Newly listed, this upgraded Monalahy home is one of half a dozen or so roadside houses set out about a 20 minute commute from Cork city, near Pipe Cross House: it’s reached either 9kms north of Blarney/Waterloo, or more directly for city-job commuters perhaps off the N20 Mallow Road.
And, it’s on 0.4 of an acre, has a former mechanic’s shed behind so there’s lots of hobby/storage/work from home options. The property dates to the 1980s, but was fully reworked and upgraded with an individual sense of style in 2010, by its vendors.
It’s done to a style and standard that should have quite a wide appeal, thanks to its contemporary touches, plus energy efficiency/comfort factors. It has been reroofed with a sleek tile, has insulation upgrades that include pumped foam in the attic, has triple glazing, a wood burning stove in a living room, and also a new zoned oil burner... helping score a highly respectable B3 BER.
It measures just a bit shy of 1,800 sq ft, so in overall terms of what people have been building on rural sites in the county over the past few years, it’s almost modest in size, which means it’s relatively easy to keep, clean and to heat.
The 2010 makeover included a new staircase, kitchen, tiling, bathroom upgrades, new sockets and switches, mostly in brushed steel, and several design details are quite ‘stand-out’.
They include the feature open tread staircase, with walnut treads, almost skeletal steel frame and rib-like curved dark steel balusters, with tensioned stainless steel cables and oak hand rails. Overall effect is to banish any ’80s feel, and give it a 21st century vibe.
Flooring too is unusual in the hall, in the living room and in the kitchen/dining room, running from one to the other without door saddles and done in a distressed/scorched sort of pine board for an effective, combining look.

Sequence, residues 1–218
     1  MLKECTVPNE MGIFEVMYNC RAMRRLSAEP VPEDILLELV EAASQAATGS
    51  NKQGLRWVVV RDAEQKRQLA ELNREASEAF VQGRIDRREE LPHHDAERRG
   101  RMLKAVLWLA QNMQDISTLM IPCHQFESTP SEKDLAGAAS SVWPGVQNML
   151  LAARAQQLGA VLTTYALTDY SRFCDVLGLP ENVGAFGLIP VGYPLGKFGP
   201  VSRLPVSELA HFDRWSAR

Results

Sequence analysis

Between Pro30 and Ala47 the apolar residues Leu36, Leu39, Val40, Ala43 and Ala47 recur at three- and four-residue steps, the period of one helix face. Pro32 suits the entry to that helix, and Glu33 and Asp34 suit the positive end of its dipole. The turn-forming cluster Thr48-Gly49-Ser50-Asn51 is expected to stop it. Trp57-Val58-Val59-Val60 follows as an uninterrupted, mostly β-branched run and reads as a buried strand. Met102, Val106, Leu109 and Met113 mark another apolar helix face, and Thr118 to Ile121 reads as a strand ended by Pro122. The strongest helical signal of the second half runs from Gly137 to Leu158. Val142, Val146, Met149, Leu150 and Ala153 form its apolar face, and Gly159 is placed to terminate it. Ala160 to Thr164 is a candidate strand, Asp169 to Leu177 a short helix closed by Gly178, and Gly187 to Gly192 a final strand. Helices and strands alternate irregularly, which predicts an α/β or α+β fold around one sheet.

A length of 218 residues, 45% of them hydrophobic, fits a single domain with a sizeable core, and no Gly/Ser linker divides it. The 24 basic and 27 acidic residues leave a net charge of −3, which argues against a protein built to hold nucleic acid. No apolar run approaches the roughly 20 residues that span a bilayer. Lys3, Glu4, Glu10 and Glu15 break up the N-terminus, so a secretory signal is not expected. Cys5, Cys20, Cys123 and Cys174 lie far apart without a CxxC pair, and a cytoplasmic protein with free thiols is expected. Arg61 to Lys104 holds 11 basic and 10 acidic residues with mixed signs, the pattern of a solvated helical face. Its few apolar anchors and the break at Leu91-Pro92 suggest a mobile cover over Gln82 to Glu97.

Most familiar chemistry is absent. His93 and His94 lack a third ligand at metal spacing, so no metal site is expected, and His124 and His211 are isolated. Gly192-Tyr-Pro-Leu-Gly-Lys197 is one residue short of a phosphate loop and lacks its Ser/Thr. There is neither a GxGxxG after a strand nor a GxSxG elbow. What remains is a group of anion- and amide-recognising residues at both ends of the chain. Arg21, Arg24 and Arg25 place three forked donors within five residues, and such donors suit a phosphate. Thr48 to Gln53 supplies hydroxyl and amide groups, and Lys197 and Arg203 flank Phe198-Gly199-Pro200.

Then, in contrast, rooms like the study and a few of the bedrooms are more standard pine boards, while up in the en suite first floor, triple aspect master bedroom, the floorboards have been painted white.
Walls are mostly white, home to some interesting painting and and art pieces, and then for contrast, and just for the heck of it, other rooms have dark grey walls, contrast colour walls and feature paper section also, yet all working to a monochrome palette.
The kitchen has dark gloss units, topped with 2” thick polished concrete worktops and dark metro splashback tiles, as well as glazed double door to the kitchen to allow light through, while the front of the house has a solid, varnished hardwood front door in a feature stone-faced entrance porch, with pitched ceilings and spiky, arched front window.
The attention to detailing and workmanship is evident in the kitchen too, where a dividing wall has been faced in red brick, and standing in front of it is a retro-style Victorian cast iron radiator, while going for an industrial look is the sink in the ground level’s linoleum-floored guest WCby a ground floor bedroom.
At ground is the L-shaped family living/dining/kitchen, separate living room, study, bed four, and overhead are three dormer bedrooms, with triple aspect (mostly Veluxes) master bedroom with a restful, calm decor, en suite and main bathroom.
While the house has a sort of buzzy vibe, the 0.4 acre garden has remained more traditional in layout,with access to a raised deck done in grey composite material planks via French doors, off the dining area, overlooking lawns, countryside and the 30’ by 20’ garage/workshop.
Overall condition inside and out is mint, and it’s impressing on early viewings so far. The asking price of €450,000 might, indeed, buy some larger one-offs out in this Blarney/Grenagh hinterland, but few will have this innate sense of style and auctioneer Jackie Cohalan of agents Cohalan Downing Associates is bang on the money with her wrap-up description of it as “a country home with city appeal”.
Deft design touches and finishes lift it well out of the ordinary.